The Giro d’Italia: The annual orgy of sporting rivalry

If cycling is a religion in Italy then the Giro d’Italia represents all the saints days rolled into one with the added pressure of a Christmas Day family lunch. The 100th Giro d’Italia takes place in May 2017 and the organisers have gone out of the way to make sure this year’s race reflects its rich and sometimes controversial history.

“Hey boss, I gotta idea”

The first ever Giro d’Italia washeld in 1909 and has been staged every year since, pausing only for two world wars (which is why 2017 is the centenary). Its beginnings were a little inauspicious, since it was started not purely as a sporting endeavour but as a somewhat cynical means of selling newspapers. The then editor of La Gazzettadello Sportnoticed how the Tour de France triggered an increase in sales for L’Auto and this gave him the inspiration for an Italian cycling tour. The paper’s owners eventually agreed and the inaugural Giro d’Italia was announced in La Gazzetta on 7 August 1908, with the race taking place in May 1909.

 

The first race had eight stages, covered 2,448km and had 127 riders – all Italian. In contrast 2017’s Giro has 21 stages, covers 3,612km over 16 regions, takes 3 weeks to complete and has hundreds of riders – from all over the world. The Giro has grown in status to become one of the three “Grand Tours” alongside the Tour de France and Vuelta a Espaňa.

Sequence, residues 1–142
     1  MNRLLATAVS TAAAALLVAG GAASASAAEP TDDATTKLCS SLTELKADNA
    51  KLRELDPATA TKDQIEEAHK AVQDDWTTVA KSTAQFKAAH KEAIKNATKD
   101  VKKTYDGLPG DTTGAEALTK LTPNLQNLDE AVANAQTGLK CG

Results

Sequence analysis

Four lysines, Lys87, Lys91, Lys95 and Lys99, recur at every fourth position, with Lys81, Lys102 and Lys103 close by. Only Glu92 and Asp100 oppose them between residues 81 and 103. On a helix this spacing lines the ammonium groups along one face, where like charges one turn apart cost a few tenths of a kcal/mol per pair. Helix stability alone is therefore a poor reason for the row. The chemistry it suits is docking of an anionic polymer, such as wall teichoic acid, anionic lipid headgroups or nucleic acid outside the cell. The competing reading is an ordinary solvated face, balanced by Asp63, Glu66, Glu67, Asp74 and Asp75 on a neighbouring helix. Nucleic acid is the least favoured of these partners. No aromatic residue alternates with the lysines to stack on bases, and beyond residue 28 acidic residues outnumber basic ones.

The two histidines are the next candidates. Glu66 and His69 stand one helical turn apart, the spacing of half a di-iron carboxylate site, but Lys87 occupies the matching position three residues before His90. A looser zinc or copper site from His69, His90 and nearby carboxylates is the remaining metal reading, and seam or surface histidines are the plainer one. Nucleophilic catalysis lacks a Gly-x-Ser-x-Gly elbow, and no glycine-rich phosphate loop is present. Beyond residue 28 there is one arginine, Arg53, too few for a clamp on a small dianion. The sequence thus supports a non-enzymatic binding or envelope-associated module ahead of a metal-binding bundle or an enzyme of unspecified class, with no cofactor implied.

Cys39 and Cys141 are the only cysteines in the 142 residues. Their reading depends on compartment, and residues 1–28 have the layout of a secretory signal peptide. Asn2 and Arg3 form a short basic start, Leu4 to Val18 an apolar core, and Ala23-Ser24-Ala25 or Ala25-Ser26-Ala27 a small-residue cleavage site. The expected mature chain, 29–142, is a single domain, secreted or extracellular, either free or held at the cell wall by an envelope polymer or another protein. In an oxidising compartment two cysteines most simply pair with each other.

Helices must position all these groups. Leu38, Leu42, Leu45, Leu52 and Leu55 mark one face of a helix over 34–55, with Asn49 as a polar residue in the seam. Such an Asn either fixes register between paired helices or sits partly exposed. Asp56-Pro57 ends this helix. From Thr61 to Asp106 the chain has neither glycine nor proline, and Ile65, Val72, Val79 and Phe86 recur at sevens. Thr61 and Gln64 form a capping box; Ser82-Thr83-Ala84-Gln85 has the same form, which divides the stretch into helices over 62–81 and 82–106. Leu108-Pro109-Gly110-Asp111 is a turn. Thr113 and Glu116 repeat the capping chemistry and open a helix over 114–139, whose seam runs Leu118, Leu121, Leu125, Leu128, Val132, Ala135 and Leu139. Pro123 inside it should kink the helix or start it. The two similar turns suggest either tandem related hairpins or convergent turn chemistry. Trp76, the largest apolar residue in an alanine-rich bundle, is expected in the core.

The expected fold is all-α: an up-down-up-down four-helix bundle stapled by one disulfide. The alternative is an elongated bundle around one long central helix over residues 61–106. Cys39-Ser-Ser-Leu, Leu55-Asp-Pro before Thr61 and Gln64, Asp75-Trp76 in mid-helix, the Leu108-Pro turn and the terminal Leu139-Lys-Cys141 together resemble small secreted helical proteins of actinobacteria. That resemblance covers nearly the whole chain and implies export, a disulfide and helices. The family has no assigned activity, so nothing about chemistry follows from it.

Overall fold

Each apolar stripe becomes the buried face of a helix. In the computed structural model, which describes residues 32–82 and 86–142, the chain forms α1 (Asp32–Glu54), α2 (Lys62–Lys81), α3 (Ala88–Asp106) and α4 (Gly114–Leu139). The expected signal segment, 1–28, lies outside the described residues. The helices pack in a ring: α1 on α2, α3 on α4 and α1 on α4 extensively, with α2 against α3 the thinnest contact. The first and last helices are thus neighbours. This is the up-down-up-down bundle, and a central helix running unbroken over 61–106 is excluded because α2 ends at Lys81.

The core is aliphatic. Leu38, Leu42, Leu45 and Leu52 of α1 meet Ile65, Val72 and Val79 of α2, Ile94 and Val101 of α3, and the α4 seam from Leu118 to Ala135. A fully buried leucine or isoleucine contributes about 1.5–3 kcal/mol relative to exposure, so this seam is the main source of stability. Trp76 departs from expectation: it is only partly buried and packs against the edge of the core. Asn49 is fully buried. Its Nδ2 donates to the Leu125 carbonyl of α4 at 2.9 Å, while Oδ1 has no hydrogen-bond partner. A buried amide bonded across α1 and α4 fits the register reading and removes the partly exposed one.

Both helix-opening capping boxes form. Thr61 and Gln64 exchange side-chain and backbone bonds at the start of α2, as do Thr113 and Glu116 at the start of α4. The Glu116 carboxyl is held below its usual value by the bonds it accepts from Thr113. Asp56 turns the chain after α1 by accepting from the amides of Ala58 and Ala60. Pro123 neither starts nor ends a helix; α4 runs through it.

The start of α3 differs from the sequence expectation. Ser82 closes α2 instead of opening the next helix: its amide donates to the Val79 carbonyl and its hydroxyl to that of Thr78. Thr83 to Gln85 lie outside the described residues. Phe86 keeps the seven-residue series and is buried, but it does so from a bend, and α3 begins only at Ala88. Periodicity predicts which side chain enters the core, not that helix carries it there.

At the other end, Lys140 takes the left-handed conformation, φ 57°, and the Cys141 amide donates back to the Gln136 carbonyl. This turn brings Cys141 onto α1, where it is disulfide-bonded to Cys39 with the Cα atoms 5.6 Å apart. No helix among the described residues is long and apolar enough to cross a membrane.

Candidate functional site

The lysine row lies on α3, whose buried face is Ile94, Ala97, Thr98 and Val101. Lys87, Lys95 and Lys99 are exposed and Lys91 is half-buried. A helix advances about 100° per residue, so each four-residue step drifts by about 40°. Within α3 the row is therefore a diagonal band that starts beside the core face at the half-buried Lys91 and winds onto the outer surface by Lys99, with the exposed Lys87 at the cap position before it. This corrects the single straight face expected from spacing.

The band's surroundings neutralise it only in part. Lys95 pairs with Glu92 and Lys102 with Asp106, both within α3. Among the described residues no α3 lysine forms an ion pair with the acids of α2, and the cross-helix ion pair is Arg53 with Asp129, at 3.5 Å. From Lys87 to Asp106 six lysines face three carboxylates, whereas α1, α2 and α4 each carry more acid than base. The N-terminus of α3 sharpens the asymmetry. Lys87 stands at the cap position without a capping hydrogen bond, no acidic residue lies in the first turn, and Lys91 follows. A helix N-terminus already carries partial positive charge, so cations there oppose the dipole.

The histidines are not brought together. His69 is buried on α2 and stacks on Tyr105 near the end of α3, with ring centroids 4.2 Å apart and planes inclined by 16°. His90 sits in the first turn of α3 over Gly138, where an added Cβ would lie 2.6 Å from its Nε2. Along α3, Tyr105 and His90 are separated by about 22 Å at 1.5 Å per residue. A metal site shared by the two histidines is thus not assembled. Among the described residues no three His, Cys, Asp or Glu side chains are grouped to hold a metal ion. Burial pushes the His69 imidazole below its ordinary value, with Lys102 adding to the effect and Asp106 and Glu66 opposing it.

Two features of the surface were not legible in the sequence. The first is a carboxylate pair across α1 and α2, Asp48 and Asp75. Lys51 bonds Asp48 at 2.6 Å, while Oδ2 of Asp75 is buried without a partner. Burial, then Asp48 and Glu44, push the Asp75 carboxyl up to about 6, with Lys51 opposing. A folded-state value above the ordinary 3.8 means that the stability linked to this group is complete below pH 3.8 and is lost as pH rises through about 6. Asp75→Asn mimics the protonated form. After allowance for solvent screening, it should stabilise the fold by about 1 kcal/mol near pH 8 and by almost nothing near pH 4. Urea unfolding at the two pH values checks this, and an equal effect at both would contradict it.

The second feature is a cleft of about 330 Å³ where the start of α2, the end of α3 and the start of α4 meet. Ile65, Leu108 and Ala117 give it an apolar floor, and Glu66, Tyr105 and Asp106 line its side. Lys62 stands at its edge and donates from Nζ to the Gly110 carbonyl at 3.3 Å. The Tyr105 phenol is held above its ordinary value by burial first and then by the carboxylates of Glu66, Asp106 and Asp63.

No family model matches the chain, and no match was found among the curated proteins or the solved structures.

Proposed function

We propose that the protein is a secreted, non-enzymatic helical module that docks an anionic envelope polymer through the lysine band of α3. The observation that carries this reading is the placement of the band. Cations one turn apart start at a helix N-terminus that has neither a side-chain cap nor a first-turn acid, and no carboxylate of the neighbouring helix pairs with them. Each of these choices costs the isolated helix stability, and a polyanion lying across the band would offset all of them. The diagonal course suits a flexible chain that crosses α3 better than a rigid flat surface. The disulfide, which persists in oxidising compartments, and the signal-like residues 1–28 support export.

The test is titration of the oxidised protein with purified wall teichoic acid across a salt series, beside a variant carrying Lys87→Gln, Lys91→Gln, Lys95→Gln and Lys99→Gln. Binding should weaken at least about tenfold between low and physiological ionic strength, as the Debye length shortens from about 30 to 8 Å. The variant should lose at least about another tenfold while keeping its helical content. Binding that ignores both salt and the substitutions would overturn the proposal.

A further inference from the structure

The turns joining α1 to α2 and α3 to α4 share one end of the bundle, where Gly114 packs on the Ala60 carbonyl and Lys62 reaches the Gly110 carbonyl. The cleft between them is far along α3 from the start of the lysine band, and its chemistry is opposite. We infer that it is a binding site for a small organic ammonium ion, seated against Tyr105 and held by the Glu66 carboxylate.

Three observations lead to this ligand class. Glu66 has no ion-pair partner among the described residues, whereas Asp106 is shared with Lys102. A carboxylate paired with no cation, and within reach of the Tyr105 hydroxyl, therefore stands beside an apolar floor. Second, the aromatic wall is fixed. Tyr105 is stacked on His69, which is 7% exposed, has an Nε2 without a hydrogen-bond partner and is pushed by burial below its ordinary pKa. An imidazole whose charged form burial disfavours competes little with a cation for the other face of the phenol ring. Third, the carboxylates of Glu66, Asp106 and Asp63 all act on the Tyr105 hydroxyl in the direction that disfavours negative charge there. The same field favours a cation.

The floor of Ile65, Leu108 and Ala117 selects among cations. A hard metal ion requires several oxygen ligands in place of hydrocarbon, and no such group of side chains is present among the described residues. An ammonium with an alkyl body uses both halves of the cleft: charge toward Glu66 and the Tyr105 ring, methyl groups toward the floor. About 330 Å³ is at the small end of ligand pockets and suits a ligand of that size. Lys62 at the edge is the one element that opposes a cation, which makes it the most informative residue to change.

The future collides with the past

The Giro has had its share of defining moments. For its first few decades it was dominated by Italian riders but even then you can hardly describe it as a uniting force – just the opposite in fact. Italians will grasp at any opportunity to organise themselves into opposing camps and never more so when two of its countrymen are at loggerheads: Bartaliversus Coppi in the 1940s and Moser versusSaronni in the late 1970s, for example. The Giro has also had more than its fair share of stories and personalities:-

  • Alfredo Binda, who won so easily and often that the exasperated organisers eventually paid him not to compete
  • AlfonsinaStrada, who in 1924 became the only woman ever to ride in the Giro
  • FiorenzoMagni, who in 1956 continued to ride with a broken collarbone, tying an inner tube to his handlebars that he pulled with his teeth to steady the bike uphill
  • Michel Pollentier, who in 1978 was discovered with a condom full of urine under his armpit for use in eventual doping tests
  •  Giovanni Arrigoni, a sponsor arrested in 1983 for bribing waiters to put laxatives in an opposing team’s food
  • Marco Pantani, who in 1997 tossed away his bandana and diamond nose stud in a final sprint for the finish, claiming they were weighing him down

The Daily Telegraph sums up the Giro in three words: Unpredictable, unforgiving, unforgettable. The race certainly has all the stunning climbs, sweeping vistas and sporting prowess that makes it one of the most prestigious races in the world. If the first week is anything to go by, it's certainly proving interesting.